Big thank you from

The popularity of yoghurt

By the Rambler 01/02/2002

JUDGING by the area of shelf space yoghurt enjoys in supermarkets, this particular item of dairy products sells well.

According to my dictionary it is a 'semi-solid sourish junket-like or curd-like food prepared from milk fermented by added bacteria'.

According to some health authorities, it is gut-friendly, in that it provides bacteria where they are most needed to aid digestion.

Skimmed milk which Jordan's the pig producers collect in giant tankers from dairies, has also appeared on the shelves of shops as a health food. 'Better than full cream milk' some say.

I am a bit cynical because I grew up on a farm where only home-made butter and full-cream milk were given house room. My mother would have been apologetic to guests if, as happened occasionally, all the cows were dry, and she had nothing but creamery butter for tea. A pale substitute for real country butter in the estimation of rural butter-making experts.

Yoghurt closely resembles the 'bottoms of crocks' which exhausted, sweating, farm workers, home from a hay meadow once yearned for to quench their thirst.

Every farmhouse dairy used to have a form, that is a low wooden bench, to hold crocks of cream intended for the churn.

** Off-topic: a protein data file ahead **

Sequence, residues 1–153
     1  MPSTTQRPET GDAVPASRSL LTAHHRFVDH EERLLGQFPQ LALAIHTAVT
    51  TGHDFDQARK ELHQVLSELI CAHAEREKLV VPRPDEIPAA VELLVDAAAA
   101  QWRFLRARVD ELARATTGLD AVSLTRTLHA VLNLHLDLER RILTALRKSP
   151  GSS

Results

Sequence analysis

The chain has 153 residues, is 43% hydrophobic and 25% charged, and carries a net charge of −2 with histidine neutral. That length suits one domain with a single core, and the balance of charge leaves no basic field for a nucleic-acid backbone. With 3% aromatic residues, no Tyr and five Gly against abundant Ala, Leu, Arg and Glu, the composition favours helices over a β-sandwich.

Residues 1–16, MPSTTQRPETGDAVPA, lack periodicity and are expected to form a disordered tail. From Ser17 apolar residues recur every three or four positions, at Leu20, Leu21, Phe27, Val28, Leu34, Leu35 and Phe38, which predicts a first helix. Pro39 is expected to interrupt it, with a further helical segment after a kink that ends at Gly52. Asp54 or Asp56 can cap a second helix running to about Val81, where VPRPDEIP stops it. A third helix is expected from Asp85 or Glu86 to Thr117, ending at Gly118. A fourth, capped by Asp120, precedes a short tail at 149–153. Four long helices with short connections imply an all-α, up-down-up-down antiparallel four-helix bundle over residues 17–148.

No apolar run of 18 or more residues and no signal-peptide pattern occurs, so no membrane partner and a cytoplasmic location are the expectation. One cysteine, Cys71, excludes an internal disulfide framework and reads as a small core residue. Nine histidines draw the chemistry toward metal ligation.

The ubiquitous crocks were coloured black-and-tan and held about one-and a-half gallons. They were earthenware (made near Stewartstown) and fitted with a home-made wooden lid.

Milk maturing, ie souring, was stored in them, in a cosy corner near the hearth in winter. In due course, the cream was poured off into the churn and a sour junket-like residue was left in the crock. This, in my memory, closely resembled yoghurt.

I remember an amusing episode in my childhood when a crock of cream was spilled by unruly teenagers who were 'codacting' at a 'hooley'. (There's two good 'Ulsterisms' for you! Circa 1930).

Some Yankee relatives were holidaying at a cousin's farmhouse - cousins of the Yanks and cousins of ours.

They had a car and we had none. A going-away party was organised and the tourists came and collected my brothers and I.

When we reached the host's house - her name was Margaret - there was an air of chill and gloom. Margaret had a face on her that would have stopped a clock - tearful actually.

"What's wrong Margaret?" our driver exclaimed. "They spilled the crock" Margaret growled. "Did they spill the top?", the Yank queried.

"Naw," replied Margaret, "they spilt the bottom and put back the top".

Poor Margaret, a whole week's cream had gone and a butter famine loomed. And her with a houseful to feed. No joke.

It is well the milk hadn't belonged to a restaurant which is currently advertised in the press.

I took some tourists there at the week end and we paid through the nose for a small glass of milk.

We specified (small) and ordered from the wine waitress. When we got the bill there was a series of 'dittos' which puzzled us. It emerged that the milk had been itemised as 'dash of milk @ 25p, ditto, ditto, ditto, ditto', total +£1.25!'

My mother sold milk in the 1920s and the small glass we got would have cost less than one old penny. The moral is, don't order milk from a wine waitress. The restaurant deserves top rating for qualify of food, service and accommodation, but somebody spoiled it for a dash of milk. 'Dash' must be an 'EU' measure. It is new to me.

My guests included the President of a prestigious National Trade Institute who has wide experience of the hotel trade. He was not amused. As a new customer, neither was I!!
By the Rambler.

Ulster Star